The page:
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Workshop 1 – Trade Marks

Strategy of Trade Mark Protection


A Malaysian Perspective

Wong Jin Nee

EC-ASEAN Intellectual Property Rights Co-operation Programme (ECAP II)


Challenges encountered
by SMEs
• Lack of awareness and ways in which trade marks
could be protected, commercialized/exploited and
enforced
• Lack of or limited resources within their
organisations for protection of “intangible”
property
– Focus is on “tangible” assets
• Perceived high costs of seeking protection
• Perceived complexity of issues relating to brand
building and brand protection
• Lack of accessibility to assistance

EC-ASEAN Intellectual Property Rights Co-operation Programme (ECAP II)


In order to compete globally
H
t ing in igh
rk e no - v
Ma va al
v e tiv ue
ec ti e -a
f pr dd
Ef od ed
uc ,
ts

SMEs

i at ion
IP S rent
trat d iffe
egie uct image
s o d
Pr and
r
& b

EC-ASEAN Intellectual Property Rights Co-operation Programme (ECAP II)


Cre
ate
IP Strategies valu
able
asse & fle
ts xibl
e
Not
pros just
ecut ro
ion a utine fi
nd m lin
aint g,
enan
ce
Create competitive
Trade Marks barriers

p ort
sup
e to s
c us ines
eg i us
at ’s b
Str pany Enhance company’s
com ls competitive & market position
goa

EC-ASEAN Intellectual Property Rights Co-operation Programme (ECAP II)


Functions of a brand
A strong brand acts
as a promise, leading
faithful customers Trust & Relationship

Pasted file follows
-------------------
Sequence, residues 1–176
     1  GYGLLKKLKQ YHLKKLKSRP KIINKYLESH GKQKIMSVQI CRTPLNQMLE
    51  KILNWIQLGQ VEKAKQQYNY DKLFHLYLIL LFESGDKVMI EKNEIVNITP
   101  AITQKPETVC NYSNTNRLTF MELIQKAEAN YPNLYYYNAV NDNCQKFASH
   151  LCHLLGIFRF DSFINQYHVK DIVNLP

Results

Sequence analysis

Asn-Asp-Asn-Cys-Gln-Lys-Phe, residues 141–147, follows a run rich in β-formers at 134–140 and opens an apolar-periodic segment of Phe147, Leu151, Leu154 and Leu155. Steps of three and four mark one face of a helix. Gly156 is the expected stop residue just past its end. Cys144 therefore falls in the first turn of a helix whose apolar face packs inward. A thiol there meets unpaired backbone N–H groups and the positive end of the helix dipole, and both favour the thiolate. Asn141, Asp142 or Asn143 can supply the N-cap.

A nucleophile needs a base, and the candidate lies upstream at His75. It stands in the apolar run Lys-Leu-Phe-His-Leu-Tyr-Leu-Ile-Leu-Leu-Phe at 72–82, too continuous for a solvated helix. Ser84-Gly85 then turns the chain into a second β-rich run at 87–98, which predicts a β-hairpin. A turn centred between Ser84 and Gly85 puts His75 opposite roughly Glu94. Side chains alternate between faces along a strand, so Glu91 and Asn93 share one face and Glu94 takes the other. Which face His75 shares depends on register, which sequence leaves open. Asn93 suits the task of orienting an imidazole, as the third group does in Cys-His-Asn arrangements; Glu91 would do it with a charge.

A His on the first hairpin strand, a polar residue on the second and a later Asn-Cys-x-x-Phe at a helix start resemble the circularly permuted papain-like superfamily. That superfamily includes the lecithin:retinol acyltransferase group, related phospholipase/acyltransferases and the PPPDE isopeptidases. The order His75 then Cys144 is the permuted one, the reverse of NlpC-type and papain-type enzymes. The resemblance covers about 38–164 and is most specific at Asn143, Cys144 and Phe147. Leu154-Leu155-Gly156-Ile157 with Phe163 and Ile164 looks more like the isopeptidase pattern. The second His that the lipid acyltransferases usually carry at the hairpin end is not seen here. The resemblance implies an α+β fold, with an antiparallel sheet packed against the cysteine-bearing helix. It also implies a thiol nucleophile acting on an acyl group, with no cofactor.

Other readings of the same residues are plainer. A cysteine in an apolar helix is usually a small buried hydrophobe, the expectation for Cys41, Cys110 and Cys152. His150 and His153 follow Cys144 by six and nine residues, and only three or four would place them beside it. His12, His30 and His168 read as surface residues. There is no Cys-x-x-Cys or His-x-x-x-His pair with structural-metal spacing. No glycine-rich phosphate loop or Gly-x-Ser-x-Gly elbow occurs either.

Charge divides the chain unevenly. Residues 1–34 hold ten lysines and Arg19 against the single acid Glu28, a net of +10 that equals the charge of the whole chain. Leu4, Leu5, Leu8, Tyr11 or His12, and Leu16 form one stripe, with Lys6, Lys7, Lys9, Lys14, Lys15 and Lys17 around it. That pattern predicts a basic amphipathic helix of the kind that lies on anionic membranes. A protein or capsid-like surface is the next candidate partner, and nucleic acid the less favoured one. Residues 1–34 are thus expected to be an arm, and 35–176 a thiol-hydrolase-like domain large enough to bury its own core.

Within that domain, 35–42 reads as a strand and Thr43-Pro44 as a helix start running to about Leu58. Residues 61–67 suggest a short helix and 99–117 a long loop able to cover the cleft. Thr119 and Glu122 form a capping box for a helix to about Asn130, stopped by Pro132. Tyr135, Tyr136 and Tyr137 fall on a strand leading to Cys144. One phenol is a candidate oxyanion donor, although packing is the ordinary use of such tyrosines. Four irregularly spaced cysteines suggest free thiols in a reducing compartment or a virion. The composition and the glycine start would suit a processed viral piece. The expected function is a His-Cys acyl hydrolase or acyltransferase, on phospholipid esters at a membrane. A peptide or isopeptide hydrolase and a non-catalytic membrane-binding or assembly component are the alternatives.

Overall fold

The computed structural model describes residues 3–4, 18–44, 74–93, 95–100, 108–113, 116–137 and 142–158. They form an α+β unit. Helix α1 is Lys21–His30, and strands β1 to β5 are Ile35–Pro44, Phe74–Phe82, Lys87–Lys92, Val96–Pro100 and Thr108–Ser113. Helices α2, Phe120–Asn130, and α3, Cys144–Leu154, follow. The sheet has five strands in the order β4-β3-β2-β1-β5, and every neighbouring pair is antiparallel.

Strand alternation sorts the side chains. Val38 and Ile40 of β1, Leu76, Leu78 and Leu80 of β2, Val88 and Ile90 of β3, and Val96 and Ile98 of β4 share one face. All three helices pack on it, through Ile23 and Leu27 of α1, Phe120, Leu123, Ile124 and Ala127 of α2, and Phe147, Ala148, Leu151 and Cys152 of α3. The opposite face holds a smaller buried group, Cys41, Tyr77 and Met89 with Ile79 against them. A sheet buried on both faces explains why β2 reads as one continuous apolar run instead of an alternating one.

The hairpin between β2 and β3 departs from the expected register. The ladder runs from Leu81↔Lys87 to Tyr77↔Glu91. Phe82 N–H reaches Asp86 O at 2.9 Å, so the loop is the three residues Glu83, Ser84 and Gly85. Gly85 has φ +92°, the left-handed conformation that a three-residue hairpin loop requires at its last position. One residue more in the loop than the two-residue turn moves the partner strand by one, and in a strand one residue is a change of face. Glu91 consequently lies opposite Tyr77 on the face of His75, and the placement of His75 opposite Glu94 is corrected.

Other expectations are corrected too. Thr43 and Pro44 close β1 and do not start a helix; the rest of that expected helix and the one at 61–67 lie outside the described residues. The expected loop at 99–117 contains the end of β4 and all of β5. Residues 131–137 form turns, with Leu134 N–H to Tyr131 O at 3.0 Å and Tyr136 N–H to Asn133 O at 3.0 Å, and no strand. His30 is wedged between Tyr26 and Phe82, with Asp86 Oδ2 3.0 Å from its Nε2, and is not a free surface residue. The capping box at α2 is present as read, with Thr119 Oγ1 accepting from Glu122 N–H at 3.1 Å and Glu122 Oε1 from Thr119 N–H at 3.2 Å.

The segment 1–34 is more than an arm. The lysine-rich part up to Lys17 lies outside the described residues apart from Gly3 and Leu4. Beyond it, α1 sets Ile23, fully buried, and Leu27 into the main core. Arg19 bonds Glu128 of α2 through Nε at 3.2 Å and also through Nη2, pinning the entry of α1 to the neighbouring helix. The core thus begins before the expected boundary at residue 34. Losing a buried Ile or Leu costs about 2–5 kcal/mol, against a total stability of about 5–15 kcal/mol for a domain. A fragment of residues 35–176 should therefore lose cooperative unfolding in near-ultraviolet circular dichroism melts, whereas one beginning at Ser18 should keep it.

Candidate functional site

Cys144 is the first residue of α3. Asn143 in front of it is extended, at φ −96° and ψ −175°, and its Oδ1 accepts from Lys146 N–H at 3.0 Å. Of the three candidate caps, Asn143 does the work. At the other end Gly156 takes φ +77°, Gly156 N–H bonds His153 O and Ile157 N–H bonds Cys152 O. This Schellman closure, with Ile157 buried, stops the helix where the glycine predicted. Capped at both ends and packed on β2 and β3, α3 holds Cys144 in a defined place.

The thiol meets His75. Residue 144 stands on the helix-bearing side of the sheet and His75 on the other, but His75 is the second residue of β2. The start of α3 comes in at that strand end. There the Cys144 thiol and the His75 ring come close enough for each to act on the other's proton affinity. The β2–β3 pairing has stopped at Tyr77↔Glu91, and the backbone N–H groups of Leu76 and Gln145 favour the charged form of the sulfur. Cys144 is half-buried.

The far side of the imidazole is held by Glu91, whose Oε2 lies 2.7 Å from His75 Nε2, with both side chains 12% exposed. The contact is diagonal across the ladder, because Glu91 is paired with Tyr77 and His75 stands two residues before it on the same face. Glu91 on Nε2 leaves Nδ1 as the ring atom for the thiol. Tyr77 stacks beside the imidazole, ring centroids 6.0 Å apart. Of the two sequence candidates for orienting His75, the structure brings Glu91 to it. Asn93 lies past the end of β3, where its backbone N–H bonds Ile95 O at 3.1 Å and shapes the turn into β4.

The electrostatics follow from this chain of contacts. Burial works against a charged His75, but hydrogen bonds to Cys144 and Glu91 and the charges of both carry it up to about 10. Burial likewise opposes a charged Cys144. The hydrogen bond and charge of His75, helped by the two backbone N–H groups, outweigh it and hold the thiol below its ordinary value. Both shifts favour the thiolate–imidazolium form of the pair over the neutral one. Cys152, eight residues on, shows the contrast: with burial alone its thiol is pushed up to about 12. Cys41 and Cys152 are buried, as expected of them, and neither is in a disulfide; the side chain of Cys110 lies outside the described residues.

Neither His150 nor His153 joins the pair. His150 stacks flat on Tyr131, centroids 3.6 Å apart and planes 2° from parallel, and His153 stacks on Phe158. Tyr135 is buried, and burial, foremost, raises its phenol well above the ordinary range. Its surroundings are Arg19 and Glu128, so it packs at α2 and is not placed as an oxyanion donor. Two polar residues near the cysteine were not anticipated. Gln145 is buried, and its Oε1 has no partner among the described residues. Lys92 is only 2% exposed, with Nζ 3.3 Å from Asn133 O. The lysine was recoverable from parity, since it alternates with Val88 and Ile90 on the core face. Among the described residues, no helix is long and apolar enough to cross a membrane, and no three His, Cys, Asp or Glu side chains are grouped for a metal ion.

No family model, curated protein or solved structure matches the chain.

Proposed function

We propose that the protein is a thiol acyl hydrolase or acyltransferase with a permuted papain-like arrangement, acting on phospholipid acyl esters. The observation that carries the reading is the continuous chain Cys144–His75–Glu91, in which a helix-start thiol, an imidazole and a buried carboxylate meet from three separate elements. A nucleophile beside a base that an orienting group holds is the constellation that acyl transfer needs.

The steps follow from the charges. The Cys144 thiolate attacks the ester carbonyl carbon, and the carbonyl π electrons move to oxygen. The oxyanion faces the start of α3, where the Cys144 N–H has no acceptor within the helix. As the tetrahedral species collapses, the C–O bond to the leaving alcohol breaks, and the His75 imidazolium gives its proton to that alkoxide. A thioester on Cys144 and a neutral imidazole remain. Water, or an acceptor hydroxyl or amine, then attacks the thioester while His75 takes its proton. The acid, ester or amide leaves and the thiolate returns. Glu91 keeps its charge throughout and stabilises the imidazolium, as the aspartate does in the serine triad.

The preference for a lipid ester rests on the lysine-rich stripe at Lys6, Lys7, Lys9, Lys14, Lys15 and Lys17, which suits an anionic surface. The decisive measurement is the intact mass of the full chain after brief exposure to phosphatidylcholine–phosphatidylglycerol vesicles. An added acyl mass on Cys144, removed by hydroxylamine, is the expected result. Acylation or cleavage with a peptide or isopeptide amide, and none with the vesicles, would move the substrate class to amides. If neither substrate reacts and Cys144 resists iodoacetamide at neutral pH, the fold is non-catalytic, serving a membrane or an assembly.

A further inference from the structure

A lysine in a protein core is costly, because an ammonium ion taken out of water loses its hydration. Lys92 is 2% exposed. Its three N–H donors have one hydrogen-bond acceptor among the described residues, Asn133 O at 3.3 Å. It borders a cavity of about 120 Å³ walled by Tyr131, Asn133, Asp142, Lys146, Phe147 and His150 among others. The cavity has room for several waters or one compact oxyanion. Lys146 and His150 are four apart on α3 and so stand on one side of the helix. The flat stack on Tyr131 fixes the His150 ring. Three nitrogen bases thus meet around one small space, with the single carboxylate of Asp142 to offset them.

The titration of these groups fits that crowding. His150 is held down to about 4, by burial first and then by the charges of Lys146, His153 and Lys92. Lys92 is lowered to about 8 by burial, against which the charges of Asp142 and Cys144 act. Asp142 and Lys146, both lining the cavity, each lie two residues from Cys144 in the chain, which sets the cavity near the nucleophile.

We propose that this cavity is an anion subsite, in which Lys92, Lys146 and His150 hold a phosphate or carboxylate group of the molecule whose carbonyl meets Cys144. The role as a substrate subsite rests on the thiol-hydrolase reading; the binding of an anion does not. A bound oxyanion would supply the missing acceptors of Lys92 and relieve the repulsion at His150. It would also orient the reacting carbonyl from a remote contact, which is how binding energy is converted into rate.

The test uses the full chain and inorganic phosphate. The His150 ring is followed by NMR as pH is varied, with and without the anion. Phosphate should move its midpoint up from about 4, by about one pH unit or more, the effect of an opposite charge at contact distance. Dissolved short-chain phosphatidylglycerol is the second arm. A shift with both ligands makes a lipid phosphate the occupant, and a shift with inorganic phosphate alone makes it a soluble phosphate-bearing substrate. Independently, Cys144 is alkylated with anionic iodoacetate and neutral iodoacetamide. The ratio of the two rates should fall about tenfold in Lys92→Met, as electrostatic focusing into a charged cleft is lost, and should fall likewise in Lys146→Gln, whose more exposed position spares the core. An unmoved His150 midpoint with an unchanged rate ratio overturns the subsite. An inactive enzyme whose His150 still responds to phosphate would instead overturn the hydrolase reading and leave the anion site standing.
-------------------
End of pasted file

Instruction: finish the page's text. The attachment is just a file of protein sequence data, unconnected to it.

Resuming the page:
to pay a premium Shorthand symbols of Vital link


over competitors’ Feelings, lifestyle and images to source
Associated with products/services & origin
products/services

Benefits of strong
Brands Differentiation
brand image Powerful Marketing
From
•Premium prices & Promotion Competitors
•Customer satisfaction, Tool
trust & loyalty
•Credible Badge
•Recognisable Prevent
Of
Consumer
•Exploitation opportunities Quality &
Confusion
Assurance of Consistency

EC-ASEAN Intellectual Property Rights Co-operation Programme (ECAP II)


Legal Regime for protection of
Trade Marks in Malaysia
•MyIPO
•45 Classes of goods
& services •Reputation & goodwill
•Rights available •Misrepresentation
upon registration •Damage
•Covering same Trade Marks Act 1976 Common law rights
goods/services only USE, USE & USE
Registered &
Unregistered marks
[“trade dress/get-up”]

Criminal Remedies
Trade Descriptions Act 1972 Trade Marks
Consumer Protection Act 1999

Companies/Business
Domain Name
•SSM Names